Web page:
|Ph.D Student||Katz Ezov Tal|
|Subject||Molecular-Genetic Biodiversity in Natural Populations of|
yeast S. cerevisiae
|Department||Department of Biotechnology and Food Engineering||Supervisors||Professor Yechezkel Kashi|
|Professor Emeritus Uri Cogan|
|Full Thesis text|
The yeast S. cerevisiae is a central model organism in eukaryotic cell studies and a major component in many food and biotechnological processes. However, the wide knowledge regarding genetics and molecular biology of S. cerevisiae is based on a narrow range of strains. Studies of natural populations of S. cerevisiae, not associated with human activities or industrial fermentation environments, are very few.
We isolated a panel of S. cerevisiae strains from a natural microsite, ‘‘Evolution Canyon’’ at Mount Carmel, Israel. Analysis of 19 microsatellite loci revealed high allelic diversity and variation in ploidy level across the panel, from diploids to tetraploids, confirmed by FACS. No significant differences were found in the level of microsatellite variation between strains derived from the major localities or microniches, whereas strains of different ploidy showed low similarity in allele content. Maximum genetic diversity was observed among diploids and minimum among triploids. Phylogenetic analysis revealed clonal, rather than sexual, structure of the polyploid subpopulations. Phenotypic analysis revealed industrially important properties such as tolerance for high osmotic stress and thermotolerance. These properties would allow the strains to be a robust platform for industrial processes.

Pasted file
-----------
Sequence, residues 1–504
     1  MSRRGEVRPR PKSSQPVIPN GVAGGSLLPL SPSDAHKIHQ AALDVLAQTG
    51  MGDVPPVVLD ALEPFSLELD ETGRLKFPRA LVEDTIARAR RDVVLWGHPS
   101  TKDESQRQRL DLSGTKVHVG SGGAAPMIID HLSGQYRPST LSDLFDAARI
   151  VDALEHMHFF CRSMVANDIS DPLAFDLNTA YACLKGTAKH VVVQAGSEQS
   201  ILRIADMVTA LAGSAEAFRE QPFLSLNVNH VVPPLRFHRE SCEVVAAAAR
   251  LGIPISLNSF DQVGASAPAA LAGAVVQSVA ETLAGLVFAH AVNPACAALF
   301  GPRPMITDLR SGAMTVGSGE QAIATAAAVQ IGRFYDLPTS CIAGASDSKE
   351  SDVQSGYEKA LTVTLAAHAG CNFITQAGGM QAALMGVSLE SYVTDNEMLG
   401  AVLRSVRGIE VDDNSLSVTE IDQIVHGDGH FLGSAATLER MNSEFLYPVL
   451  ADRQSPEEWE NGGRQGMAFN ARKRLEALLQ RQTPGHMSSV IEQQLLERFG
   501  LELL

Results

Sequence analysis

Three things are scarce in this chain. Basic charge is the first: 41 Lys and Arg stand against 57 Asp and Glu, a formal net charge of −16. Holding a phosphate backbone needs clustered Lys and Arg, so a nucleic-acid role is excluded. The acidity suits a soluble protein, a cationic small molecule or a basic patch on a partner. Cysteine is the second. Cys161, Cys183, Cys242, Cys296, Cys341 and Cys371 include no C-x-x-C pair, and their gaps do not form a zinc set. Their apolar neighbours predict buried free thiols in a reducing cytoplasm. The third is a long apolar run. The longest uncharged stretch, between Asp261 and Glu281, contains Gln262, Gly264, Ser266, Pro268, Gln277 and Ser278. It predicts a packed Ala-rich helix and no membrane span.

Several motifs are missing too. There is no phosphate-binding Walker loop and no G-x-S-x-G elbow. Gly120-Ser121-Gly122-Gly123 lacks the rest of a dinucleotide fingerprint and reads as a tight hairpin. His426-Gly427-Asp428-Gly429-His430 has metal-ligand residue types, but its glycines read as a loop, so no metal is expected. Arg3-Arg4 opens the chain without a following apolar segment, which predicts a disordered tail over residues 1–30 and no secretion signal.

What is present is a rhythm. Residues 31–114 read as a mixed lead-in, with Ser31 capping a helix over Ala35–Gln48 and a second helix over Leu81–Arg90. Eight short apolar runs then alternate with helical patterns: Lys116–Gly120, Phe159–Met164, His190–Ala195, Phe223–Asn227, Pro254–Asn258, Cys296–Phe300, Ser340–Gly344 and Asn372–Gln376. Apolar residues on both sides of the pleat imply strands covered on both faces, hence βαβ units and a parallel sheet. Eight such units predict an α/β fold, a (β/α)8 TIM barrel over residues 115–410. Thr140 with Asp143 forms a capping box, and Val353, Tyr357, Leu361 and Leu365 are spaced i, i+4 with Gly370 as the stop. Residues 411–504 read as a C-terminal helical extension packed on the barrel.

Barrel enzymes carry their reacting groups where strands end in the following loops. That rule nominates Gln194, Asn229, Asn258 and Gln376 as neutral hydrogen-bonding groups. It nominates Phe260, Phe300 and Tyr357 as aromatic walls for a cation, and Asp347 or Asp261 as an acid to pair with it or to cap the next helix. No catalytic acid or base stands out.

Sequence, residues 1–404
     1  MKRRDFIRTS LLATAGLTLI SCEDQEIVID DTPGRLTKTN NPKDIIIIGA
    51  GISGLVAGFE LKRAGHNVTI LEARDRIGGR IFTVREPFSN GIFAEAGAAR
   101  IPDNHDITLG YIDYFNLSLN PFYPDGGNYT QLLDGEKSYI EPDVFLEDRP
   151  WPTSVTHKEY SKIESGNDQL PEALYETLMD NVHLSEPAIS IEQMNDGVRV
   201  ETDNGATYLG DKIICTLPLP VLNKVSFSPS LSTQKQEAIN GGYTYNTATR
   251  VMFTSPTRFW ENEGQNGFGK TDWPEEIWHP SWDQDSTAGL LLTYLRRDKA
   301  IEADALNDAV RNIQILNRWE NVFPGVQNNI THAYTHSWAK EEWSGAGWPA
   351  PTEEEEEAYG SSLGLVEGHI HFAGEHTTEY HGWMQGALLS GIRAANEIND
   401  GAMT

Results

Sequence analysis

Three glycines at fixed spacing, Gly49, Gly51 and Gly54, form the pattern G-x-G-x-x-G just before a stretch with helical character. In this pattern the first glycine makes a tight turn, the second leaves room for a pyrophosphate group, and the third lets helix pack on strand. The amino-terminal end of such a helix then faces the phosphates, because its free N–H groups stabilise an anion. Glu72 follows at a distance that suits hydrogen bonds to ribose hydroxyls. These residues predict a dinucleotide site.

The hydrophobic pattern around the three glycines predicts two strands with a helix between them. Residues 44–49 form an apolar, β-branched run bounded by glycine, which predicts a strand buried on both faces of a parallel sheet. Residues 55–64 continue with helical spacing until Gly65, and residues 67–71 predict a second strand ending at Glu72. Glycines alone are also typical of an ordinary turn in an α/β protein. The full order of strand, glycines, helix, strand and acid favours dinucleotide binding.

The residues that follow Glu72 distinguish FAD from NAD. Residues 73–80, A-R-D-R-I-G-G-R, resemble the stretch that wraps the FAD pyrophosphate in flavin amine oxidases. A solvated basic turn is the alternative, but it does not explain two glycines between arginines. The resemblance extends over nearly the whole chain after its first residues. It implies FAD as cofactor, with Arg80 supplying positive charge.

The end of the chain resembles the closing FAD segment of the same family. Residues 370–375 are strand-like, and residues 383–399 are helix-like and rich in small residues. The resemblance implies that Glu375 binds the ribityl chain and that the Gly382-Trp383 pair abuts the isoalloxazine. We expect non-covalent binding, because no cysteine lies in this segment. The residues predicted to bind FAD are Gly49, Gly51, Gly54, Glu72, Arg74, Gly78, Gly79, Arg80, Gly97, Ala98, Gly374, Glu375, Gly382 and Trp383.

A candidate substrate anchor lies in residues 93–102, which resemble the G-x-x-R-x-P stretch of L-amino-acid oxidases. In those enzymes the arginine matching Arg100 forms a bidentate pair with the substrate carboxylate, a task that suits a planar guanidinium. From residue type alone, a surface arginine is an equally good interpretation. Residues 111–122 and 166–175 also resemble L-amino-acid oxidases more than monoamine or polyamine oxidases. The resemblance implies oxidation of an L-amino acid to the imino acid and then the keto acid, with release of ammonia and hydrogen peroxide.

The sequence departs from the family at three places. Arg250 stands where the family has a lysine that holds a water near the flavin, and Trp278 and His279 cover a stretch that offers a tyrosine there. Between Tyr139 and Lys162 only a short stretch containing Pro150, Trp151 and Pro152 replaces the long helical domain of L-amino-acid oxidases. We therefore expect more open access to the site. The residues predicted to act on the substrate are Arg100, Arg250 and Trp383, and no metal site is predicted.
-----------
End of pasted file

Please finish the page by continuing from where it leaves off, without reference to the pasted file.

Haploid cells of S. cerevisiae exhibit one of two mating types, a or alpha. Mating type can be stable (heterothallic yeast) or unstable (homothallic yeast). When cells of opposite mating types meet they participate in a mating process that results in the creation of an a/alpha diploid. Homothallic yeast can undergo mating type switching, a gene conversion process initiated by the HO endonuclease, which generates a site-specific double-stranded DNA break. This can be followed by mother-daughter mating. Heterothallic yeast can mate with unrelated haploids (amphimixis), or undergo mating between spores from the same tetrad (intratetrad mating, or automixis), but cannot undergo mother-daughter mating.
Our isolates were found to be heterothallic. Sequence analysis of the HO gene revealed multiple mutations including insertions, deletions and single nucleotide polymorphisms (SNPs), causing missense, nonsense or frameshift mutations. Good correspondence was found in the comparison of the population structure gained based on HO sequence and based on our SSR markers, which are spread over eight different chromosomes. Our results strongly suggest that loss of function of HO is the cause of heterothallism in the natural isolates. Furthermore, this work supports the hypothesis that clonal reproduction and intratetrad mating may predominate in natural yeast populations, while mother-daughter mating might not be as significant as was considered earlier.